Review: Gorillaz – Song Machine, Season One: Strange Timez

If there was ever a perfect time for a virtual band to drop an album, of course it’d be in 2020. Thankfully despite the hard times thousands of musicians have had to face this year, we’ve had plenty of new music to consume and I’m sure we’ll have much more to come thanks to the isolation and ‘free’ time this year has given us. 

I’ve always been a passive fan of Gorillaz, and a deep admirer of Damon Albarn. I grew up in a very Oasis household with much of Blur’s deeper cuts never getting a mention in my childhood apart from the main big singles. But when my brother got a copy of Demon Days on his portable CD player back in 2006, hearing Feel Good Inc. for the first time, I was enchanted by the talent Albarn had, making me seek out in my late teens so much more of his work. Gorillaz last 2 albums Humanz and The Now Now, I really admired the work that had gone into them, and really dug a good few tracks from both, but I didn’t catch myself sinking into the sofa the way I did with Demon Days almost 15 years ago, which is a shame but perhaps I just wasn’t mentally mature enough to appreciate it properly. But with all this in mind, not even really paying much attention to the buildup to the release of this new record from Gorillaz, the drop of it made me really take a moment to genuinely take in all of what Damon Albarn and artist Jamie Hewlett had to offer this time round. 

Gorillaz this time around have set out to change the meaning of the classic album. All throughout the promotion for this LP has been the labelling of each track being an “Episode”, and the album being called “Season One”. People consume music differently now to 2010, or even 1990. Genres and styles being more like parks you can stroll into whenever you please as opposed to strict labelled and rulebooked formats, and Song Machine: Strange Timez pushes that idea forward more than ever before. The last effort from Gorillaz strayed further away from artist features, whereas Strange Timez is a collaborative powerhouse. Damon really solidified himself as a producer similar to the work of Calvin Harris, Mark Ronson or Josh Homme’s Desert Sessions. Not that there was ever any doubt of Albarn’s producing work, but this record really puts that motion forward in a more prevalent way due to the nature of the featured artists throughout the album. Speaking of featured artists, Damon really pulled out all the stops for this, with features from Robert Smith, Elton John, Skepta, Tony Allen, Slowthai, Slaves, Unknown Mortal Orchestra, Georgia, Peter Hook, Beck and St Vincent – and that’s not even everyone! So the talent flowing through Song Machine’s veins is completely clear.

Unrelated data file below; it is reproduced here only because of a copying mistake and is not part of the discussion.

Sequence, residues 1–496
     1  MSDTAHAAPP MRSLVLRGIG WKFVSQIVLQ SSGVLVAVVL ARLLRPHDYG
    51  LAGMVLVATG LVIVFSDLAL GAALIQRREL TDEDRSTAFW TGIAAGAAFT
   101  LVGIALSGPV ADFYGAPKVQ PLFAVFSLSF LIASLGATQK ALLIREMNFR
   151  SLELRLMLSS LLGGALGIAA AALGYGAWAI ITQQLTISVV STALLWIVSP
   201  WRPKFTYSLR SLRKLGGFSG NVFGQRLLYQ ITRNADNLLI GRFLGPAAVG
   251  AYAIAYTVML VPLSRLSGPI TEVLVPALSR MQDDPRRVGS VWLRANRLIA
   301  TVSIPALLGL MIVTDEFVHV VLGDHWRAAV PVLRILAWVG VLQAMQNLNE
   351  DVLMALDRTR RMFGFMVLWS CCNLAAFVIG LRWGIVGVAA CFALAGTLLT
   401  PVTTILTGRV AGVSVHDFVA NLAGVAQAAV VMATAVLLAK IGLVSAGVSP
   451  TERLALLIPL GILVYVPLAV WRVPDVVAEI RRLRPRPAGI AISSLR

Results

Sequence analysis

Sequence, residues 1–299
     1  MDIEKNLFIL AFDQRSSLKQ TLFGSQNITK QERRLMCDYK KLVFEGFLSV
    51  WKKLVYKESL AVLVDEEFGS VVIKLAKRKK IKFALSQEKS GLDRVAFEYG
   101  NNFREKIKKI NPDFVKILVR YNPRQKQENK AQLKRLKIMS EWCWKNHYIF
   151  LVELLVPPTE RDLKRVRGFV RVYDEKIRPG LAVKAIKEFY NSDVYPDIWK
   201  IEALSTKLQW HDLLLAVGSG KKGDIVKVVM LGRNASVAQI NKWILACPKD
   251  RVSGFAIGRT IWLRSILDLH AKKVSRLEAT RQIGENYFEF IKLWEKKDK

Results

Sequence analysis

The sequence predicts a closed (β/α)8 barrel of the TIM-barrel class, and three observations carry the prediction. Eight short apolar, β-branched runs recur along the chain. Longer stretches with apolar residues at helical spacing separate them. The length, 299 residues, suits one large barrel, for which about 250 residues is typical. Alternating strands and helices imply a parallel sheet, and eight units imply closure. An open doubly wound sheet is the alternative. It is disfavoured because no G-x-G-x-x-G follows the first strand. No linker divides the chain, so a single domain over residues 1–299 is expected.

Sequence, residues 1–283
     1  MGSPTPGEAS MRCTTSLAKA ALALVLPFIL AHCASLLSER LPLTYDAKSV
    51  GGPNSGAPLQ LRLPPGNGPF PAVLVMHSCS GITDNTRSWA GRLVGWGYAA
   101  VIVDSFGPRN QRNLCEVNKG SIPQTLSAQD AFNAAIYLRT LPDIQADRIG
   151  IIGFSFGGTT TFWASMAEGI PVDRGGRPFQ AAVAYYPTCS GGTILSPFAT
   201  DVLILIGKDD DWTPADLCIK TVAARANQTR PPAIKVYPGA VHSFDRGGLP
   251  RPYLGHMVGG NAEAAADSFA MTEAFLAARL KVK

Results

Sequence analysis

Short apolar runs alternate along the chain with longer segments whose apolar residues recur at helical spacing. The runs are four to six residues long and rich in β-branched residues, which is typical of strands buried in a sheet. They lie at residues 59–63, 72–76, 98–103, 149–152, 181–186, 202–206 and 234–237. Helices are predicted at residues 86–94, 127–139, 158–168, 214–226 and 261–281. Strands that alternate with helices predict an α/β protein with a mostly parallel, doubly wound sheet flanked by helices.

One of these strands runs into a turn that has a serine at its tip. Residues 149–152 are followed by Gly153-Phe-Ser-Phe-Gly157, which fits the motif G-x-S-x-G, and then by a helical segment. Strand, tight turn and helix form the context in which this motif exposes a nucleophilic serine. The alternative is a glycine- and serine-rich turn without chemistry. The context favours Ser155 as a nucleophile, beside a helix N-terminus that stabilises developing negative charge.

What brilliantly works is the soundscape of the entire project. When incorporating so many different artists it can often come together quite patchy as different artists have different inspiration, but here Damon works with his fellow contemporaries to ensure each one isn’t out of their comfort zones performing in a way that isn’t natural to them, but all the same wrapping each track in the smooth chilled out production that makes this album so Gorillaz. It all blends together in such a brilliant way, nothing and nobody is shoehorned in, every line and feature has a reason to be there and it makes out for such a cool listening experience, with Damon’s voice as the final ribbon tying each track together splendidly. 

Title track Strange Timez featuring Robert Smith is a fantastic start, firstly it’s Robert Smith, hearing his voice on anything new these days is already a recipe for success, but the vocal wails and almost demonic sounding harmonies combined with the plonky piano keys and thin synth bass create this heightened feeling of uncertainty to match the idea of stranger times. The chorus on this also is just brilliant to dance to, and with Damon Albarn’s classic megaphone/radio filtered vocals just completely smashing it. The Valley Of The Pagans featuring Beck is a shiny modern disco bonanza. With Yamaha synths that sound as if they come straight out of a Sega Mega Drive game, collided with Beck’s vocals that sound almost like his earlier work from the 90s but definitely moulded to a more modern made performance. The Lost Chord with guest artist Leee John is a nice less hectic more tranquil track that makes you want to go for a drive at 2am on the empty motorways, absolute bliss and Leee John’s vocals are just luscious to listen to.